What do you think? Have you got any evidence that the poor (in spirit) are blessed?
"Blessed are the poor in spirit, for theirs is the kingdom of heaven" - Jesus
So now the rubber hits the road. What to do with Jesus’ beatitudes?
This first one seems to hinge on what ‘poor in spirit’ means. In Luke’s version it’s much more straightforward - blessed are you who are poor, for yours is the kingdom of God. Much more straightforward but apparently impossible for me who has just this week bought a second house. I feel like the rich young ruler faced with the camel and needle dilemma! Am I ruled out unless I sell all my possessions?
OK, what about Matthew’s versions - seems more...spiritual, less economic? Is Matthew spiritualising Luke, so that he now understands Jesus to be talking about humility? This is probably the most popular interpretation, but not the only one. The interpretation I’m going with is poor in spirit = pious poor. In other words, those among the community of the (Holy) Spirit who are economically poor. This fits with Luke’s version, while acknowledging that Matthew is trying to avoid the idea that poverty is, in itself, a blessing.
That all said, what am I, rich as I am, going to do in response to this beatitude? I once was reading this beatitude with a poor person who, much to my surprise, exclaimed that she knew exactly what Jesus meant. Then she explained how that very morning she had found a box of food at her door just as she was thinking that she had nothing to give her son for school lunch.
So my challenge in February to see if I can find poor people and asked them if they feel blessed. I’m thinking about the street people who hang out in Kilbirnie. And as I’m after the pious poor, I’ll particularly try and find someone who fits that. Probably requires some tact… I’ll let you know how I get on.
(The longer intro is here)
Like me, you’ve probably heard of, but not read, the book ‘A Year of Living Biblically’. What I did hear through the media were interviews about mock stonings and other ingenious ways of interpreting Levitical rules that seem odd in our modern secular culture. But what caught my attention was the interest all sorts of people have in ways of life that break out of normal patterns and concerns. It’s the same with groups like the Amish or even Gloriavale here in NZ. Their alternative life-rhythms and values shock us, and attract us at the same time.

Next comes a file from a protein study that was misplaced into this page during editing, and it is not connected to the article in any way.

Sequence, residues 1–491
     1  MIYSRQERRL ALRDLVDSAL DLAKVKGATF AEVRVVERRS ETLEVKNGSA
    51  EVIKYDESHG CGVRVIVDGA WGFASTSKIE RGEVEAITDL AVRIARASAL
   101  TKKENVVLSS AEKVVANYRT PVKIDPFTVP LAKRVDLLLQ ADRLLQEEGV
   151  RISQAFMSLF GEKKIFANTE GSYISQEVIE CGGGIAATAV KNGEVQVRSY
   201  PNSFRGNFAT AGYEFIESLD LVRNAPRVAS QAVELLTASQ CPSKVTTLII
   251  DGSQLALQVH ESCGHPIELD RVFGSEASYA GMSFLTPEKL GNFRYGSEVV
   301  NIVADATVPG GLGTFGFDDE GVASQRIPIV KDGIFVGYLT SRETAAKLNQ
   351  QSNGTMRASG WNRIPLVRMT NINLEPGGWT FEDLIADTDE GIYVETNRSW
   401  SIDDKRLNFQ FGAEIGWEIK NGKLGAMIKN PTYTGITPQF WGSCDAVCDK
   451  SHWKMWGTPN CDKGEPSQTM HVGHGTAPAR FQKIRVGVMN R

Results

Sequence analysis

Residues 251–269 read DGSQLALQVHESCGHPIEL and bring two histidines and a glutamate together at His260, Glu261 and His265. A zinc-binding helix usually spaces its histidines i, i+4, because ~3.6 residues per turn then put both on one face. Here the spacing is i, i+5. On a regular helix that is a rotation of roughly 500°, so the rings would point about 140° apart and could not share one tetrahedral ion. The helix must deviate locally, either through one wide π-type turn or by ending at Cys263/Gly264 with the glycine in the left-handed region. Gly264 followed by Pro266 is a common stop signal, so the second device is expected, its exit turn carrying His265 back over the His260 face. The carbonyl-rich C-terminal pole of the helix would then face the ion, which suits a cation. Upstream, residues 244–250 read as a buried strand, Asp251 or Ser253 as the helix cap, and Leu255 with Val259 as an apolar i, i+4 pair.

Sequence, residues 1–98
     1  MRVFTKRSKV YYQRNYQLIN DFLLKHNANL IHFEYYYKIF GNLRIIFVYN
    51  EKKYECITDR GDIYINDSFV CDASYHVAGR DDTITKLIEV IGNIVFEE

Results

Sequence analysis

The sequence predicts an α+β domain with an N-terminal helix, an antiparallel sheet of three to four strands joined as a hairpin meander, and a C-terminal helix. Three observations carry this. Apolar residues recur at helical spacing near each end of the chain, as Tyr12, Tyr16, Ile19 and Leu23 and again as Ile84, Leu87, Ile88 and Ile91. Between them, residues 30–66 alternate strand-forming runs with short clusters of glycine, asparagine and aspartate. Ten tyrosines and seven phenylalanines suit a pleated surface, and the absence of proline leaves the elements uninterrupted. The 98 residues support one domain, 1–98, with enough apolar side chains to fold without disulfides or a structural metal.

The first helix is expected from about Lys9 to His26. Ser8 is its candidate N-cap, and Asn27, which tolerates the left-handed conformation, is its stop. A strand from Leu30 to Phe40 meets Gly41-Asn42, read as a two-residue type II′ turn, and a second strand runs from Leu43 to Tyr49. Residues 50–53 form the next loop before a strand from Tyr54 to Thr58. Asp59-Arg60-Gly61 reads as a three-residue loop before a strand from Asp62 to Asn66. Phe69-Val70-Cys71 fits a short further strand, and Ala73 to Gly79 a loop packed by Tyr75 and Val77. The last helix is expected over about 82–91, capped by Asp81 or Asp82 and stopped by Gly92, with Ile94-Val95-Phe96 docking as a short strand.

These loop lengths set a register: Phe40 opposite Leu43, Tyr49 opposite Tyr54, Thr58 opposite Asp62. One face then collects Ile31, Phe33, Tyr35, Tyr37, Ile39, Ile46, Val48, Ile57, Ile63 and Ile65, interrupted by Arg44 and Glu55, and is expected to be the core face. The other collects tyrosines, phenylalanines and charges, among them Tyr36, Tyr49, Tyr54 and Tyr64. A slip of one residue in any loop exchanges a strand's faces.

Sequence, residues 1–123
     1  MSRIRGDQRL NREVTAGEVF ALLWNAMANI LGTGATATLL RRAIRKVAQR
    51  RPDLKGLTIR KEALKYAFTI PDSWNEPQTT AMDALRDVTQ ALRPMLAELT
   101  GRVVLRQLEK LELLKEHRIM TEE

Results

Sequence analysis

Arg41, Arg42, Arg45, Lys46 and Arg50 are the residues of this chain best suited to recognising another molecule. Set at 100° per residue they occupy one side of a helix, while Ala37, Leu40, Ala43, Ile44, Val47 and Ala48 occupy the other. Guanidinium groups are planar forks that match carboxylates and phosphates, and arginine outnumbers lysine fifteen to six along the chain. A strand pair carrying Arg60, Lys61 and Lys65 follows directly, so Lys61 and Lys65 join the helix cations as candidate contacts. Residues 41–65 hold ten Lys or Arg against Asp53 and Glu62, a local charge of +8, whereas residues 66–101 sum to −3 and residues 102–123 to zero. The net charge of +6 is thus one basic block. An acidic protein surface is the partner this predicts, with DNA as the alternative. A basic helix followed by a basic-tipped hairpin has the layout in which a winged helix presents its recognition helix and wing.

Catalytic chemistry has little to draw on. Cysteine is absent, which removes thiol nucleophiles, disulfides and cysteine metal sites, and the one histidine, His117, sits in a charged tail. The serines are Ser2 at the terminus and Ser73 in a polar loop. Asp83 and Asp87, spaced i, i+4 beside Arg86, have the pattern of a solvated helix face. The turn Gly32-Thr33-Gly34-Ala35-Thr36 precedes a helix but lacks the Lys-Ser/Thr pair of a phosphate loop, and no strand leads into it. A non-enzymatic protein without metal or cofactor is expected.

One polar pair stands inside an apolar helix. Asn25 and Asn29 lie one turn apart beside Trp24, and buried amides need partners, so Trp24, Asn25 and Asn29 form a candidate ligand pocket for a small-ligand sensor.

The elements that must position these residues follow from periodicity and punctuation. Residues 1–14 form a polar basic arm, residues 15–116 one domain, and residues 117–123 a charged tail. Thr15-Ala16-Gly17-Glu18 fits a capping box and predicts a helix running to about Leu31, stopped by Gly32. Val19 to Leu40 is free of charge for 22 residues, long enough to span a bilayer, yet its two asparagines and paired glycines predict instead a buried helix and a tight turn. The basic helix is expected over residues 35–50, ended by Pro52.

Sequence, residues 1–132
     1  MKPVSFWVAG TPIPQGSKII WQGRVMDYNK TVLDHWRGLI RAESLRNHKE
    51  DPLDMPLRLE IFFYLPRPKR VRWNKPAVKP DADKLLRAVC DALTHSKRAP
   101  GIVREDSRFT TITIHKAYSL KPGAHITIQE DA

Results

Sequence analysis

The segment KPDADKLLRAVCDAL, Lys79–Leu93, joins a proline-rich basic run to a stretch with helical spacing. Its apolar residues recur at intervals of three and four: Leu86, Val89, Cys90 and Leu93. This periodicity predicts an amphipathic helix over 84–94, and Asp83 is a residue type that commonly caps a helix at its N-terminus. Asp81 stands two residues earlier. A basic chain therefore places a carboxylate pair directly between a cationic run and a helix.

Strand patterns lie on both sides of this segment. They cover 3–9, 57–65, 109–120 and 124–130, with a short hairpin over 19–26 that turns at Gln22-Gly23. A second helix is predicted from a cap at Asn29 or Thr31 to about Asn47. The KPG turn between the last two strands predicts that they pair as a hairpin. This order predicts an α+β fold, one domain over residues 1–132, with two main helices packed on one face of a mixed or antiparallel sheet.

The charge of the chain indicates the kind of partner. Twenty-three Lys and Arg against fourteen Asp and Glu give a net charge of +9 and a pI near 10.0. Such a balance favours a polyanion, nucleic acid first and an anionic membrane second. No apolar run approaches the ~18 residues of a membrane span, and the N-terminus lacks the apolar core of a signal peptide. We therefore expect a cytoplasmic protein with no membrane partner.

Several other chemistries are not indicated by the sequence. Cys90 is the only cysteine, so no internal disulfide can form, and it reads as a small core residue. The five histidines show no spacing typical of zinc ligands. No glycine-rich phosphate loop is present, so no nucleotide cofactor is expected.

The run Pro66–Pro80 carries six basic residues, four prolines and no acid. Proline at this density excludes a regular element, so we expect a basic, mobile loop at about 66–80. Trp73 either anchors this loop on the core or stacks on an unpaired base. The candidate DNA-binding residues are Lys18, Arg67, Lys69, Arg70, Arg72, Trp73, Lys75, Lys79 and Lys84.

Jesus, especially in his famous Sermon on the Mount, seemed to imagine his followers living out different rhythms and values, while still being constructively engaged with the world. Like many Christians, I’m deeply attracted by Jesus’ vision, while equally frustrated that we so often don’t seem to experience it. I want to take a leaf out of the monastic (or even Amish) playbook, and put Jesus’ beatitudes to the test.
The beatitudes are the nine blessings Jesus declares at the beginning of the Sermon on the Mount (Matthew 5.1-12). My idea is to do something intentional and practical about each beatitude over the next nine months. So in February I’ll begin by posting what I’ve decided to do with ‘blessed are the poor in spirit, for theirs is the kingdom of heaven’. During February I’ll let you know how I got on.
I’d love for others to join in and give the beatitudes a go too. Respond to my posts and tell me what your own efforts at living beatifically have looked like. It could be hilarious. It could be sobering. At the very least it’ll get me thinking more about Jesus’ vision for our world and what it might take for me to live a little tighter into that vision.